General election 2019: The campaign's most controversial numbers
The Reality Check team navigates the most questionable figures that have cropped up in the election campaign.
One of the biggest numbers to come out of the campaign so far was £1.2tn, which was the extra amount the Conservative Party said that Labour would spend over the next five years.
The initial verdict on this was that the Conservatives could not possibly know this because the Labour manifesto had not yet been published.
Now that we do have the manifesto, we can make a list of some of the items that were included in the Conservative costing that were not included, together with how much the Tories said they would cost over five years.
- Abolishing private schools - £35bn
- Free school meals for secondary school students - £6.8bn
- Excluding pensions from the 2% target for defence spending - £3bn
That's nearly £45bn.
Some of the Conservative costings also seemed somewhat inflated. For example, they used the figure of £196bn (from the Confederation of British Industry) as the cost of nationalisation, which is hotly contested. It assumed that a Labour government would pay a 30% premium above the market value of the assets it wanted to nationalise. On the other hand, it came before the announcement of the plan to nationalise part of BT.
Even if you accept that costing, a rough overall calculation comes up well short.
Labour has committed to a National Transformation Fund, which will invest £55bn a year over the next five years on things like housing and green projects.
Its manifesto costings "grey book" says it will be spending another £83bn a year on day-to-day spending, by the fifth year of the parliament.
Even if you assume that it spends that much every year (£415bn over five years), add £275bn for five years of investment, £196bn for nationalisation and £58bn to compensate Waspi women, you still come up more than quarter of a trillion pounds short of the Conservative figure.
The Conservatives used the £1.2tn figure to come up with an estimate that the extra spending would cost the average taxpayer an extra £2,400 a year, which is similarly dubious.
That's partly because its starting point was the £1.2tn claim, and also because there were additions such as the claim that Labour is considering a homes tax, which would cost households up to £375 more than the current Council Tax system, raising an extra £10.2bn.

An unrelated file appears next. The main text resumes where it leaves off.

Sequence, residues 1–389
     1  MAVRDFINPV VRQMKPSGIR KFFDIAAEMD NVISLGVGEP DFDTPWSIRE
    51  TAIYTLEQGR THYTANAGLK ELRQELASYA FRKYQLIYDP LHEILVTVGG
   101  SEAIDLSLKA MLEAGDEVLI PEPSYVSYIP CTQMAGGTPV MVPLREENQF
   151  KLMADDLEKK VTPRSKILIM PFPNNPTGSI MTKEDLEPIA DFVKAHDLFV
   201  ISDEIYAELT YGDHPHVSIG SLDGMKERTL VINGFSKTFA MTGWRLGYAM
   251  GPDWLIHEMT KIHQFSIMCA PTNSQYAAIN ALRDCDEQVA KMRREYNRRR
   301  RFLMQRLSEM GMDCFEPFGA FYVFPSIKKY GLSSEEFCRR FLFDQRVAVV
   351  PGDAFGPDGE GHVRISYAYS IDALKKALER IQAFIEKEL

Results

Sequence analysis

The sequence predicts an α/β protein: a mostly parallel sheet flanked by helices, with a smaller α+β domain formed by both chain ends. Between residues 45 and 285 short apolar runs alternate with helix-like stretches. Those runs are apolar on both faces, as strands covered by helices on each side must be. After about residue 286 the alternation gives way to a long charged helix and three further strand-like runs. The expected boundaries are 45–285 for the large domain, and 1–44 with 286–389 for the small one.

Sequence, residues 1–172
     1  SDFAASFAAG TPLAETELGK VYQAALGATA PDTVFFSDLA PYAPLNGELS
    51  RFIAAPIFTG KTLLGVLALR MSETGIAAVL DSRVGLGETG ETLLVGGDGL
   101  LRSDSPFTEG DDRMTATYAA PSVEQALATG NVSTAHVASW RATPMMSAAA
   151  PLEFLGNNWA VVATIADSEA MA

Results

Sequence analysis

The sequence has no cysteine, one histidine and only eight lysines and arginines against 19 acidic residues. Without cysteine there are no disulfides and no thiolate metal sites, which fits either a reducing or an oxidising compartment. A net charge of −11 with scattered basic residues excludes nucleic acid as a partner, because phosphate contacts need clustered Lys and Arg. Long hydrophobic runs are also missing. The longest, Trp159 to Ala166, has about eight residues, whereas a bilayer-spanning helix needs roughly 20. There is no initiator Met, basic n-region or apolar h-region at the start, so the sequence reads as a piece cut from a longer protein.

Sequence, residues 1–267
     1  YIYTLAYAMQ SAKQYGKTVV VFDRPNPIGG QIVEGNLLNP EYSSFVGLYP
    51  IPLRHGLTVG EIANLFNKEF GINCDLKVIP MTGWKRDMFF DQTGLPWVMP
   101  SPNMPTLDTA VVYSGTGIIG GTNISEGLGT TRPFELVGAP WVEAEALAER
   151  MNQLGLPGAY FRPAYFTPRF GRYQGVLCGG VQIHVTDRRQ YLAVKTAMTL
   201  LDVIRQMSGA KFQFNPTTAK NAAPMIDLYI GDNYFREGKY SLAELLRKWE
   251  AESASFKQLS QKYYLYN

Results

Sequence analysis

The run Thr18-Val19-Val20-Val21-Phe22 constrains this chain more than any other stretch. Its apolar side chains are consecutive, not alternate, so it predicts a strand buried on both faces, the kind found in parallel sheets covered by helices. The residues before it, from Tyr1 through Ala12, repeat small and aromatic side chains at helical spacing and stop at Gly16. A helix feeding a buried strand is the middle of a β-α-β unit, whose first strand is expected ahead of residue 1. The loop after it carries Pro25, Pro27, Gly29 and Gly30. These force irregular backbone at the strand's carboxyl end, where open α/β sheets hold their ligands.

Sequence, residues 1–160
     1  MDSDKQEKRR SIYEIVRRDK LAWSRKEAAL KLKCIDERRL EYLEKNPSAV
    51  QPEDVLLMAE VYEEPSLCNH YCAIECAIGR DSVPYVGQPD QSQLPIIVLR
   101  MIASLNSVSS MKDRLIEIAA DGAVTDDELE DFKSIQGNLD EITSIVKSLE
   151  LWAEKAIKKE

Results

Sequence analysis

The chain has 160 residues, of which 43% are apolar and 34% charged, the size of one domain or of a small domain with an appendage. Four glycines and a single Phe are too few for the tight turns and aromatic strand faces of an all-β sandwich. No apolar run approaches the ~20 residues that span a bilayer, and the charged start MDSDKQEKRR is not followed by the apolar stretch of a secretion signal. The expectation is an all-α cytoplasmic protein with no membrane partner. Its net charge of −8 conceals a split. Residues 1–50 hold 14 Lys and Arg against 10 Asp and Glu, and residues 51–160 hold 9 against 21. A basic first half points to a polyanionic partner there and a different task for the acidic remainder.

However, this seems to be based on a policy-proposal document put forward by Guardian columnist George Monbiot in June, and commissioned for the Labour Party. It did not appear in the manifesto.
Claims about the cost of Labour's spending have featured heavily in Conservative adverts on social media.
The £1.2tn and/or £2,400 figures have appeared in more than 600 ads on Facebook, Instagram, Google and YouTube. An approximate collective reach of these adverts amounts to at least one million users.
£500m a week
Labour claimed that a Conservative trade deal with the US would mean the NHS having to spend an extra £500m a week on drugs.
The party even mocked up a picture of a bus on its Facebook page, with Boris Johnson and Jacob Rees-Mogg standing in front of it, saying: "We'll send Trump £500m a week. Let's fund US drug firms, not our NHS."
The figure comes from an academic study which looked at how much more the US pays for drugs, per head, than the UK - about 2.5 times more, according to the OECD.
But the report's authors described it as "a crude estimate" and "a worst-case scenario" - not an attempt to work out how much the NHS could actually spend on drugs, after a UK/US trade deal.
At the moment, according to the Office for National Statistics, 9% of all medicines imported by the NHS come directly from the US, while 79% of medicine imports come from the European Union.
That may be an underestimate of US imports, on the grounds that some US pharmaceutical companies may be selling drugs to the UK via their European subsidiaries.